Friday, August 27, 2010

The Melting Away House or Wistful

Rose read the Never Never Land post.
Now she is homesick for those homes.
Me, too.
Well, I am more than homesick, I am wistful.
I am yearning for those first two homes we owned.
Did I mention that each of them was brand spanking new?
And that each was a tract house in a neighborhood full of houses just like them?
And that I didn't care?
The spanking newness offset the cliche of matching houses.
Any money we put into those two homes was all for beautifying.
My charming home.
Now I live in a charming home.
And my charming home has a sleeping toilet--
on the floor of my bedroom.
And a hole in the ceiling of my kitchen.
And a hole in the ceiling of my living room.
And a handyman husband who is still trying diagnose the leaks...

My charming home is made of  approximately the same material as corrugated cardboard.
Imagine cardboard in rain.
And humidity.
Yes, it is melting away.
Like cotton candy in the sweaty fist of a toddler.

Charm be damned.

My next house will be brand new.
A modern loft in the city.
And I will always have fresh flowers.
And I will be less grumpy.
And Doug and I will always hold hands.*

*if you have not yet looked at the post Never Never Land, go there now.

Tuesday, August 24, 2010

Why I Never or Minivan Pride

I may have had a quest to not become cliche. 
But I never did say I would never drive a minivan.
I never had minivan pride.
Picture this.  In blue.  Which did not make it more attractive.
As evidenced by my first minivan.
A Plymouth Voyager with faux wood paneling.
Like the Griswold family vehicle.*
But a minivan.
That was old.
That we bought with cash.
When we didn't have much cash. 

 After the Voyager, I spent years in a Landcruiser.
Ten years to be exact.
And $837,689.23 in gasoline.
She was perfect for Alaska.  But not so great for Atlanta.
Years of dragging around the
truck type family vehicle
helped me realize that I never again wanted to drag around a
truck type family vehicle.
I wanted this:
The luxury of the Odyssey.  I'm serious.
Now I spend much of my ordinary day with my fanny plastered in the
ergonomic seat,
smoothly navigating traffic,
with my sunroof open,
and my dog.
And I feel lucky.

I like my office with a view.
And I know that my identity does not come from what I drive.
It comes from within.

And from cute shoes.

* Vacation with Chevy Chase--remember?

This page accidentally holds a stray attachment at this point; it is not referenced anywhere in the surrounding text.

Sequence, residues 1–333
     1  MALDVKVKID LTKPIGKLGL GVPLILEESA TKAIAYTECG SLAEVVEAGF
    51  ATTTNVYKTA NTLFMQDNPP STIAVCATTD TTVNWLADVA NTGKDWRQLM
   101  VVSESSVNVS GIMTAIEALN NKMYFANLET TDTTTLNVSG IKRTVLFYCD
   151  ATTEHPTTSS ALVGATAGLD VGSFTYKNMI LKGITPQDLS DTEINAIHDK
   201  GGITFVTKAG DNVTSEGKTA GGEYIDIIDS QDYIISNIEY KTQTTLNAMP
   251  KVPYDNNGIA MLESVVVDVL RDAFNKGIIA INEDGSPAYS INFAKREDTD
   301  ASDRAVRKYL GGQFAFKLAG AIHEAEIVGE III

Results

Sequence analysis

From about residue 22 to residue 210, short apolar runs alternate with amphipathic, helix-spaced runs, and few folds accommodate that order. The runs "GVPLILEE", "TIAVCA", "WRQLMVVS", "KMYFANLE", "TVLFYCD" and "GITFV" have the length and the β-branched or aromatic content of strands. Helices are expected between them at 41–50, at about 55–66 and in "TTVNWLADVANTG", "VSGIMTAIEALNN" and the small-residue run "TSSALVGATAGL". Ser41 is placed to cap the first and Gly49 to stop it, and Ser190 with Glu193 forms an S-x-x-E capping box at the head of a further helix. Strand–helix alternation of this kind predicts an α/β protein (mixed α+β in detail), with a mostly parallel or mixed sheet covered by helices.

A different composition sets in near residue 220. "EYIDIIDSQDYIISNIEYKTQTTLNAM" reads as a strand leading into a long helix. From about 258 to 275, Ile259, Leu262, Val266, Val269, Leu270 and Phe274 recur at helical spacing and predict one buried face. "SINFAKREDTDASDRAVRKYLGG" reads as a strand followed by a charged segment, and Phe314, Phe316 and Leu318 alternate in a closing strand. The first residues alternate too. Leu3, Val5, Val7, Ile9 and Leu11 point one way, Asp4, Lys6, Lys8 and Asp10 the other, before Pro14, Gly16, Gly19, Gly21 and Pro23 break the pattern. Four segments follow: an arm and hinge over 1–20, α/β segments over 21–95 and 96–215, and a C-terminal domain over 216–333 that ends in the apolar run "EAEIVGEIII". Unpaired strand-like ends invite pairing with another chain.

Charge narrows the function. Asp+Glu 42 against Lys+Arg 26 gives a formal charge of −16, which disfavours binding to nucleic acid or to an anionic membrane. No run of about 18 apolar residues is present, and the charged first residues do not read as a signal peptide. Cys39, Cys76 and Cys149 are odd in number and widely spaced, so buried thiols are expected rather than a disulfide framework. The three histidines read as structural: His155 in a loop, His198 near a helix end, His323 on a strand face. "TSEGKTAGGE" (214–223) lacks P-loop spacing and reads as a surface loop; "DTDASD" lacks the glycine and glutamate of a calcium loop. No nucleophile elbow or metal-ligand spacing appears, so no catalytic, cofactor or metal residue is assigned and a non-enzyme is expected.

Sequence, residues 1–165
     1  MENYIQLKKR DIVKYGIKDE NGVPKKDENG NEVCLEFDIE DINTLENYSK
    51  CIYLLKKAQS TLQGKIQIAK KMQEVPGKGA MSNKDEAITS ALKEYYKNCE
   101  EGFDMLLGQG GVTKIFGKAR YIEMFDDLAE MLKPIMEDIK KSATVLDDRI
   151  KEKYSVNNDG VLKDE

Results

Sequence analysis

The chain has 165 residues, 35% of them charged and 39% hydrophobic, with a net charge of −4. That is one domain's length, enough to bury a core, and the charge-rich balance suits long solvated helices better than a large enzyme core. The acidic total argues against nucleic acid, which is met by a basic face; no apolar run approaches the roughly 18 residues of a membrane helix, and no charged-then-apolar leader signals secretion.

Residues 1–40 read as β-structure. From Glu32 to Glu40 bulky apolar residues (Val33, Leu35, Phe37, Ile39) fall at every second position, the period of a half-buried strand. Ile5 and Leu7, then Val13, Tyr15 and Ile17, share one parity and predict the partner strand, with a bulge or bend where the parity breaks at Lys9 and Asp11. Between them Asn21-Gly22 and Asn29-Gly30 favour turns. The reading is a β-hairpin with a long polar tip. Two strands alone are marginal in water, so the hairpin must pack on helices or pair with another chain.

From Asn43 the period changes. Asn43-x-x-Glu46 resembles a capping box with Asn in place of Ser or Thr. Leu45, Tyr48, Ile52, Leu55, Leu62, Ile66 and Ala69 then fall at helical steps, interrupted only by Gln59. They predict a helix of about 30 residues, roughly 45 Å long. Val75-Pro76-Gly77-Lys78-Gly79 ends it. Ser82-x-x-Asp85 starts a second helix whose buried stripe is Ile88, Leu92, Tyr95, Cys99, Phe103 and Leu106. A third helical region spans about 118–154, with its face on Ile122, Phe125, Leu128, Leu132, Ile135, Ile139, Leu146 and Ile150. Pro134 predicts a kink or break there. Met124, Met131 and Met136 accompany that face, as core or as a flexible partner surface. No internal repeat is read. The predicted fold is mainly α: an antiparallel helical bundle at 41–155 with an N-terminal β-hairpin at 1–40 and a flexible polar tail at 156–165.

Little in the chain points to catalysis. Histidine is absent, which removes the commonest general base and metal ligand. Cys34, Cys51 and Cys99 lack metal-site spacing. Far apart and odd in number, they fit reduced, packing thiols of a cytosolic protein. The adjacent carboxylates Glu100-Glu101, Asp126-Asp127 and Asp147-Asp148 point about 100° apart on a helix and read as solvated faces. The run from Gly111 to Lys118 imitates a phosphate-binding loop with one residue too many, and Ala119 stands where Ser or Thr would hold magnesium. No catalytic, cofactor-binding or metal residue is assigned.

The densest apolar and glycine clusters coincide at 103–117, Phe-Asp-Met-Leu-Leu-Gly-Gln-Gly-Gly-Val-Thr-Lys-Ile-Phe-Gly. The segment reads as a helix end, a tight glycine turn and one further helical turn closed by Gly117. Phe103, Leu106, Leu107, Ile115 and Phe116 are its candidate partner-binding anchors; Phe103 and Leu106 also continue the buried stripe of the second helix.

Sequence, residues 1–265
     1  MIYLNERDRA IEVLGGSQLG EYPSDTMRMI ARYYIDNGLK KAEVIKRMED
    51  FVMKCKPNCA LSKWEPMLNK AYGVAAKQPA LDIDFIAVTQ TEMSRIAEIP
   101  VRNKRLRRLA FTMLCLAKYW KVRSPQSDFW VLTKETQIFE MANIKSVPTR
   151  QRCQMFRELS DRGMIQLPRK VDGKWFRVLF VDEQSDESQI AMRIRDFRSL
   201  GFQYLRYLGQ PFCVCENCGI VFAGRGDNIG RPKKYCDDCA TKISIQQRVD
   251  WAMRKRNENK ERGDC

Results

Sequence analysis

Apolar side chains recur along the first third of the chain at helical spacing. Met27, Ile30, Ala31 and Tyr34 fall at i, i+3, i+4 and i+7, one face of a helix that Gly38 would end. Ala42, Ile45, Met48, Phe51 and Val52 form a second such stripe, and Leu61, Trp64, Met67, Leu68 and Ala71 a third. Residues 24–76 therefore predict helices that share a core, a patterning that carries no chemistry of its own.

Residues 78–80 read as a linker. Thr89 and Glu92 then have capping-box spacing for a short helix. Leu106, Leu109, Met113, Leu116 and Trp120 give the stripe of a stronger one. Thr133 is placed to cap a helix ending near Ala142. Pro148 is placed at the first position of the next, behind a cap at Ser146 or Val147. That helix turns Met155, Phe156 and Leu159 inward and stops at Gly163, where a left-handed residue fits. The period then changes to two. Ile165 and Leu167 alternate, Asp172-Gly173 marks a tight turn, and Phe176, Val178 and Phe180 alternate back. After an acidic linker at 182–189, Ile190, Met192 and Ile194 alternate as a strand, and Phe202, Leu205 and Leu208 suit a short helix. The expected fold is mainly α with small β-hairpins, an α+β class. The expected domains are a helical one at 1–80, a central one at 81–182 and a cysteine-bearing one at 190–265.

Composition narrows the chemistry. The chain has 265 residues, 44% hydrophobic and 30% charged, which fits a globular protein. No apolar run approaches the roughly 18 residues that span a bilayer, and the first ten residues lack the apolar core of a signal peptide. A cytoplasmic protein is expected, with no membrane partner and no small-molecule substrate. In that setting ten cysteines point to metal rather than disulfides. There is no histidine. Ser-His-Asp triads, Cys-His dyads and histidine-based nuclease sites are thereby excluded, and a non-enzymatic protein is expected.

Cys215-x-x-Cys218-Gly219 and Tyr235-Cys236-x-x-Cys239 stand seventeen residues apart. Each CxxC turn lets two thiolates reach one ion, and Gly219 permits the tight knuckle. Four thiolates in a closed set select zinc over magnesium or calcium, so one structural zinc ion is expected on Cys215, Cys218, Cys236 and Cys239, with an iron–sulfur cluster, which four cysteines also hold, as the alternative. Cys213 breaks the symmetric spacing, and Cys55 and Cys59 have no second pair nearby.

Just for fun, waste some time watching Swagger Wagon videos.

Sunday, August 22, 2010

Never, Never Land

Doug and I were idealistic when we were newly married.
We swore we would never live in a ranch house.
The first home we owned.  Built just for us.

And certainly never, never a split level.
The second home we owned.  Customized just for us. 

We would always live in the city, either in a modern loft,
or charming cottage.
We would always have fresh flowers on the table. 
We would always hold hands.

But that was before we knew about choosing good schools.
And budgets.
And sometimes feeling grumpy.

Anne Tyler, in her novel Saint Maybe, wrote:
"When did you become ordinary?"
When I first read this line, which a mother said to her adult daughter, I was full of fear.
What if I became ordinary?

But now I know, being ordinary is not a curse.
Trying too hard to avoid being cliche,
and possibly missing your happiness,
that's the real curse.

Take it from the happy girl who was never, never going to get married
while attending Brigham Young University.
And who lives in the 'burbs.
And who drives a mini-van.
Life on a suburban cul-de-sac
When were you caught in never, never land?

Tuesday, August 17, 2010

My Summer Essay

There's that essay you write when you go back to school:
"What I did This Summer."
Here is my essay.
Of sorts.

 One perfect morning, we ignored this:

Because overlooking this:

We decided to hike below this:

We climbed down this:

Through this:

Over this:

Under this:

And in this:

It was his idea:

But I went along:

And for our efforts, we got this:

And this:

Was it worth it?
What do you think?
Share your summer essay with me.
Talk to me.

Friday, August 13, 2010

Stella's Life Lessons

Smile at everyone.
Look them in the eye.
Be enthusiastic.
Be genuine.
Be playful.
Be interested.
See the best in people.
Believe in others.
Open your arms wide.
Expect the world to love you.
And it will.

Monday, August 9, 2010

School day blues

Staying occupied during the school day:
Trudy sits by the window just waiting for the kids to come home.
(have you ever seen such a large nose on a dog?  That was my thought when I met her)

Jenny takes care of a little exterminating.
 (photo courtesy of Olivia)
She looks pretty innocent for a murderer.

I know, supermom has a cockroach.
I have now officially withdrawn my supermom application.

(and I swiped Melissa's thoughts)

Friday, August 6, 2010


The first day of the school year often brings
new routines.
It's kind of like the first day of the year brings
new resolutions.
On the first day of school, I believe I can reinvent myself.
Like suddenly I will become the person I think I should be.

This week I turned over a new leaf.
I am in the running for supermom.

I remembered to take pictures of my children on the first day.
 Teenagers are not as enthusiastic about this.

I made a breakfast casserole before the annual
back to school bash
(I usually slink in empty-handed--because I have four kids).
In fact, I even made an extra casserole for dinner.
No more frozen burritos for this lucky family. 

After the brunch, I came home and read
(instead of getting sucked into the computer or TV).

Day two and I was still at the top of the polls.
Note the healthy and delicious after-school snack:


day two and a half, and all I can think about is sleeping in.
And maybe watching some Project Runway.
And eating chocolate.

I know I can't keep playing the supermom game.
Can I withdraw my entry?

Be careful when reinventing yourself.
Who you think you should be is maybe not
who you want to be.